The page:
manded the road as far as the fork, perhaps 600 yards. Company K was still in front deployed as skirmishers.
WE remained half an hour or so, slight skirmishing going on between our cavalry and the enemy, until the former withdrew and went to the rear, leaving our skirmishers directly opposed to the enemy.
Soon the dust to our front and right plainly indicated an advance of the enemy, and, unaccountably, Company K fell back upon our main body, and resisted the utmost endeavors of their commander to drive them to their duty. Seeing that there was no probability of the skirmishers being advanced to cover our front, I suggested that they establish a new line where we then stood, and the main body be withdrawn about 100 yards to the rear.
Major Hadlock acted upon my suggestion so far as to move the main line about 50 yards to the rear, in such a position that we could see the road no farther than the crest of the hillock before mentioned a distance of not more than 60 yards at farthest. A cloud of dust in front told plainly the enemy were coming, and not far off. The line of skirmishers fell back on their appearance; the main line, with pieces ready, awaiting orders with a coolness and determination I never saw surpassed. As the enemy came up we could hear the clatter of the horses' hoofs (they were cavalry), but could not see them on account of the elevation in front.
At this time Major Hadlock was on a slight elevation in our rear, and, being mounted, could see the enemy as they approached much sooner than any of his command could. While we were still waiting, no enemy yet in sight, we were surprised by an order from Major Hadlock to fire, accompanied with some such remark as that we will give them one volley anyhow. There can be no mistaking that there was no enemy in sight when my company fired in obedience to the order thus given. Though the men aimed very low, the volley, of course, proved ineffectual, as it passed over their heads. We were thus with empty pieces when a moment after the head of the enemy's column appeared on the crest in front, and halted to observe the position of things. On their appearance Major Hadlock ordered a retreat in quick time, the men reloading as they fell back. The enemy, quick to profit by the advantage thus given them, charged us. Seeing the new danger, the major ordered a double-quick, and being thus thrown into confusion, we fell an easy prey. My company, being altogether in the road with no advantages for escape, suffered a greater loss than the rest, while the companies in the woods suffered slightly. None of the men captured were wounded, and but 2 of the enemy were struck, both hurt slightly. These and the 2 horses wounded were shot by the file leaders and such others of my company who did not fire with the body of the company.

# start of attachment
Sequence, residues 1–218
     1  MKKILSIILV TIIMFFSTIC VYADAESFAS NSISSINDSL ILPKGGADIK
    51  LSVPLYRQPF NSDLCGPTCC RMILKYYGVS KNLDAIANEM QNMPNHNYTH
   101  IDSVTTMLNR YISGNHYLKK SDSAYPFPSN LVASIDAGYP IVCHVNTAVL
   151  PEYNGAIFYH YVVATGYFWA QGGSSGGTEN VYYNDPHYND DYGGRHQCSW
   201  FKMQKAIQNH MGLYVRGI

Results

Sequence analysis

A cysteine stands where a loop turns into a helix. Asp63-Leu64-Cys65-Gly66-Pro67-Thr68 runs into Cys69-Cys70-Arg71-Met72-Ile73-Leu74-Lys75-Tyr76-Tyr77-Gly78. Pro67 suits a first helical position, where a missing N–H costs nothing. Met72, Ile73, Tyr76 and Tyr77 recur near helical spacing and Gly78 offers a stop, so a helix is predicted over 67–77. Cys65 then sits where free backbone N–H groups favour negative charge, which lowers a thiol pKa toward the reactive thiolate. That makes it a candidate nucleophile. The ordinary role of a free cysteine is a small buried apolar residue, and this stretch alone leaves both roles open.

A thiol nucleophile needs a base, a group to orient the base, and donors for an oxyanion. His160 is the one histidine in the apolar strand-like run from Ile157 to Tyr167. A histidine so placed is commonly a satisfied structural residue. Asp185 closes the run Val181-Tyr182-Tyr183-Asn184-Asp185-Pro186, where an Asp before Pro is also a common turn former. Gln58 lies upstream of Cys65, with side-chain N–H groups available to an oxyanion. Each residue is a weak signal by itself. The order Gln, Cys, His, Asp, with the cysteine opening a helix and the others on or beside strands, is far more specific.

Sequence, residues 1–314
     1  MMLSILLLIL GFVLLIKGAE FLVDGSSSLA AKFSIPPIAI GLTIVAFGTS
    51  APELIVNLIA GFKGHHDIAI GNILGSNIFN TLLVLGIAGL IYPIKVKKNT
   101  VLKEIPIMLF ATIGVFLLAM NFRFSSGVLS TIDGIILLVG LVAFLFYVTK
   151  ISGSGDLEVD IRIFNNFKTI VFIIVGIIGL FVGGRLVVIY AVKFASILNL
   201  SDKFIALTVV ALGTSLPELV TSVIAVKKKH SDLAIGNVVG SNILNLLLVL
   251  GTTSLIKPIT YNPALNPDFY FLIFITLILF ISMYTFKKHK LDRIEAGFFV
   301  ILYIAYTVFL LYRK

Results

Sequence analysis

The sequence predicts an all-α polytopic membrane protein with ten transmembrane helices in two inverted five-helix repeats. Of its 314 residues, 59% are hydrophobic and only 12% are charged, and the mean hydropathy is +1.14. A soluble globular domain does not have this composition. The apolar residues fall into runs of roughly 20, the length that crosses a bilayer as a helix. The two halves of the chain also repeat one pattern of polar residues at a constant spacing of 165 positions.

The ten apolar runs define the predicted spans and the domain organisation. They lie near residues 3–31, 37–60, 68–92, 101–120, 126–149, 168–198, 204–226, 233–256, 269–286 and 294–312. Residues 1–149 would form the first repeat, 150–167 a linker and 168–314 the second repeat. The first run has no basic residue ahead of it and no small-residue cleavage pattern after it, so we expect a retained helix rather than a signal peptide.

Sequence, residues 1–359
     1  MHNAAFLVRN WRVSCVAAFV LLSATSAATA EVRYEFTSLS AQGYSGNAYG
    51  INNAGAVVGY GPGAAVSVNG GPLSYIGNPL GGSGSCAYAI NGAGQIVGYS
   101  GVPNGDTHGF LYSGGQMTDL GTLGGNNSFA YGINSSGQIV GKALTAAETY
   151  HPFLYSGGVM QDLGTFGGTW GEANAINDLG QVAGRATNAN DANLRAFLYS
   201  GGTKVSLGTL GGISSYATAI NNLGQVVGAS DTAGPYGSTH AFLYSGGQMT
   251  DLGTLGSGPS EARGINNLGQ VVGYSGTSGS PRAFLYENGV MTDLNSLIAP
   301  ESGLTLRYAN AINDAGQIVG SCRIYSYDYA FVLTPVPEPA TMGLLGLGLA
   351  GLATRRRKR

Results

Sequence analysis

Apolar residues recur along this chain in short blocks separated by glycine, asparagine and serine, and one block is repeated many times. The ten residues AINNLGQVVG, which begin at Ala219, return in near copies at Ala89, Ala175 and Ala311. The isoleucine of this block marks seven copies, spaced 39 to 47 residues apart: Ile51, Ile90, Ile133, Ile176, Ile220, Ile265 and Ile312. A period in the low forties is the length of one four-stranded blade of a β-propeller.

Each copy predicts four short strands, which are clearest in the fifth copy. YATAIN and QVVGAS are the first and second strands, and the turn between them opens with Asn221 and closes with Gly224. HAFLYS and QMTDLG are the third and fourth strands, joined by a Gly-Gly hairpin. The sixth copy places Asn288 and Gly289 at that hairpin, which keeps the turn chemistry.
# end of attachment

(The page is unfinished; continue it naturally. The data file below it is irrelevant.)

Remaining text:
After my capture I learned that one regiment of cavalry, the Sixth Georgia, under Colonel Hart, was the attacking force, but that one company of the regiment, Company A, under Captain Brown, made the charge and routed our four companies.
I would be doing a gross injustice to the men with whom I have shared the fortunes of war for the last three years did I close this report without bearing testimony that throughout this most disgraceful affair the alacrity with which they obeyed orders, and the coolness they evinced, I never saw surpassed, and that, though sharing the discharge, and, many of them, with myself, the suffering consequent, they do not deserve any part of the blame.